By Patricia Leigh Brown for The New York Times - 12 April 2019
In a struggling neighborhood with a vibrant history, Titus Kaphar found a home for himself. Now he’s creating a center there to nurture emerging artists.
NEW HAVEN — Like many town-and-gown cities, New Haven is a community of parallel narratives. There is the storied Elm City of Yale University, a place of carillon bell towers, leaded glass windows and lush quadrangles behind iron gates.
But the artist Titus Kaphar wants to shift the narrative to a part of the city little known to outsiders, a once-thriving historic African-American neighborhood called Dixwell where he and his family have lived for more than a decade.
Mr. Kaphar, 42, has a profound connection to the forgotten, from the slaves owned by the founding fathers to the ubiquity of African-Americans in the criminal justice system, including his own father. The recipient of a recent MacArthur “genius” award, the artist is challenging racism in a body of strong work that has entered the permanent collections of the Museum of Modern Art, the Brooklyn Museum and the Yale University Art Gallery, and was recently featured at the National Portrait Gallery. Mr. Kaphar is known for appropriating images from American and European art in order to subvert them, cutting them into his canvases to pull back the velvet curtain of history. He wields materials like tar, wire, gold leaf and nails to unearth the past’s inconvenient truths, and to shine a restorative light on those residing in the shadows.
In Dixwell, a neighborhood buffeted by need in the shadows of Yale, he is rewriting the script with NXTHVN (for “Next Haven”), a $12 million nonprofit arts incubator and fellowship program he founded to nurture rising talents. The enterprise is housed in two once-moribund factory buildings that are being reimagined by the architect Deborah Berke, dean of the Yale School of Architecture.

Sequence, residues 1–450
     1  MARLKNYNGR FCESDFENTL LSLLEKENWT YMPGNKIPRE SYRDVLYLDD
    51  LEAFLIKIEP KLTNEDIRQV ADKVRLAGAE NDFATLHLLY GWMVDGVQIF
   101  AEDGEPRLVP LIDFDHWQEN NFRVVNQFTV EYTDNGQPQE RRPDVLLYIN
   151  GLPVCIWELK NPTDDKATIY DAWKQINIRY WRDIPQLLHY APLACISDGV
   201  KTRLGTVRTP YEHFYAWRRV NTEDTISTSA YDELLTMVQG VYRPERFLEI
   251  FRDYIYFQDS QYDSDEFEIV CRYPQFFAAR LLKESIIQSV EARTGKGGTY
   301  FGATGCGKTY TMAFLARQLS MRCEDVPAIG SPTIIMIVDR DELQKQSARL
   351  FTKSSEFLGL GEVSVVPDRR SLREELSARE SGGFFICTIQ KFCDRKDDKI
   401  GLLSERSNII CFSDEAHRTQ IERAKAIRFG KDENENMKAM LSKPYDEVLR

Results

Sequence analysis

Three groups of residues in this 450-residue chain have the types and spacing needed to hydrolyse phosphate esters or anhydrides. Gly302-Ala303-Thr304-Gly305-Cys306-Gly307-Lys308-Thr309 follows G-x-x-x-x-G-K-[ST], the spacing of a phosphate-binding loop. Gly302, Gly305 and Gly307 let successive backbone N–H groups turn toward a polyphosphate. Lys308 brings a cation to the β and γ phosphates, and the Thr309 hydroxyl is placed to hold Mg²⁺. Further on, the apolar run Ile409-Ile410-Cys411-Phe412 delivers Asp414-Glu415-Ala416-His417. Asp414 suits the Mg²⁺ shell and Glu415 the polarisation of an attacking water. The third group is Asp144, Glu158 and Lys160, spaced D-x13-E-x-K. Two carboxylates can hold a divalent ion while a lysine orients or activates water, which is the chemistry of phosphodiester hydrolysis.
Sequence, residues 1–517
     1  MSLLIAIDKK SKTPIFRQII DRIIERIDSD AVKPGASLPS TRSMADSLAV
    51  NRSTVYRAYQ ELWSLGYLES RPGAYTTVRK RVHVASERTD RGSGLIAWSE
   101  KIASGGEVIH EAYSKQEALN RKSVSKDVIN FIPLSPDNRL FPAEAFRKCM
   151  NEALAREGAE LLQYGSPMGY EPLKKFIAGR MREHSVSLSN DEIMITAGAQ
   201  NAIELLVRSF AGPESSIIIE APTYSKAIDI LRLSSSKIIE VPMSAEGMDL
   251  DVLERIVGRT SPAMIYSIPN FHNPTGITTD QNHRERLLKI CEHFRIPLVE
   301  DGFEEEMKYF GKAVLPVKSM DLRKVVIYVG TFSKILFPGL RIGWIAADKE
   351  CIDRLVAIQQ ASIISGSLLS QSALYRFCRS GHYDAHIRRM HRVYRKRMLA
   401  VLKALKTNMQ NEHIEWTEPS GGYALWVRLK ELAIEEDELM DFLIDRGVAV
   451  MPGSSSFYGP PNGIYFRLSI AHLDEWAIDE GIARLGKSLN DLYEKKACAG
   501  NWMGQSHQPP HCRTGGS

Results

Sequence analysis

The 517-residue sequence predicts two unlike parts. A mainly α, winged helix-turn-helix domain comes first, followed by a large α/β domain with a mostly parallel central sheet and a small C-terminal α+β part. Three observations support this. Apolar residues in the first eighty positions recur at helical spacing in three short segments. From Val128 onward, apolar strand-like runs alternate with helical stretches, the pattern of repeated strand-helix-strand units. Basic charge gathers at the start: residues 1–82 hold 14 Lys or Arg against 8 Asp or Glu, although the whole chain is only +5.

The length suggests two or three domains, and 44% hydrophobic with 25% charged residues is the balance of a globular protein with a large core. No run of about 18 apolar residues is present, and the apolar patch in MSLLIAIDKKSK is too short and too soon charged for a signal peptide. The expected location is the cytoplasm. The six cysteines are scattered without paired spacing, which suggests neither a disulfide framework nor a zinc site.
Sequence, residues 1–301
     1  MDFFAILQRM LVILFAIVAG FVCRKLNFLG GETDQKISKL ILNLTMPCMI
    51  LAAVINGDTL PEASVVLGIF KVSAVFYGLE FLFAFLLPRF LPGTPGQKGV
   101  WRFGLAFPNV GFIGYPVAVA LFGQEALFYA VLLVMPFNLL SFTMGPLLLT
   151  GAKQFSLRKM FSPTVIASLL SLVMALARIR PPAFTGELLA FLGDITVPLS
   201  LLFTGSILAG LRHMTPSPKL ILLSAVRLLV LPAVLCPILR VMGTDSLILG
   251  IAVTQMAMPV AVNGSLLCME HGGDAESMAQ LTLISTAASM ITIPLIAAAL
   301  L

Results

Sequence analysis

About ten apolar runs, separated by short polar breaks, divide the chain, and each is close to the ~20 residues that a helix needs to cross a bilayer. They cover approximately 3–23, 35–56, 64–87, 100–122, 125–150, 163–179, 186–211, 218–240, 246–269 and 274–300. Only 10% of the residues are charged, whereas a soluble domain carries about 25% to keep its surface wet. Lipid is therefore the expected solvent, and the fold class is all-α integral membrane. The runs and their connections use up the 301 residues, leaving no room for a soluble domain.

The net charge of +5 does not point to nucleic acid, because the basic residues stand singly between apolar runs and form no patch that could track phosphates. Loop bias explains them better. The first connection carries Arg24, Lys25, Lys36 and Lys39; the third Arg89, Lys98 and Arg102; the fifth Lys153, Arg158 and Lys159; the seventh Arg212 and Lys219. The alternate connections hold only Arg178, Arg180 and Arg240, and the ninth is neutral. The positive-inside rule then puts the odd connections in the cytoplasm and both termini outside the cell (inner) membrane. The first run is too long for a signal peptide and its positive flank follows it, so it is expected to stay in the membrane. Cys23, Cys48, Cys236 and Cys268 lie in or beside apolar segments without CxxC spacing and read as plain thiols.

He envisions the project as a beacon for graduates hellbent on getting out of Dodge for New York (Mr. Kaphar, a 2006 Yale School of Art graduate, “drank the Kool-Aid” himself). “New Haven has some of the most esteemed artists in the world,” he said. “Yet as a city, we’ve done very little to say, ‘Why don’t you stay here?’”
The first half, studios for seven artist-fellows, is up and running in a former ice cream factory filled with natural light. The second building, where lab equipment was manufactured, is under renovation and NXTHVN hard hats are everywhere. The complex will unfold in phases and include a cafe run by a local nonprofit, a combined co-working and gallery space, a theater and a three-story addition with skylights and loft-like apartments for visiting artists-in-residence.
Financing for the 40,000-square-foot project has come from the state ($3 million) and the city ($1 million for facade improvements), with several million dollars from private foundations and philanthropies. Collectors of the artist’s work have helped subsidize the fellowship program.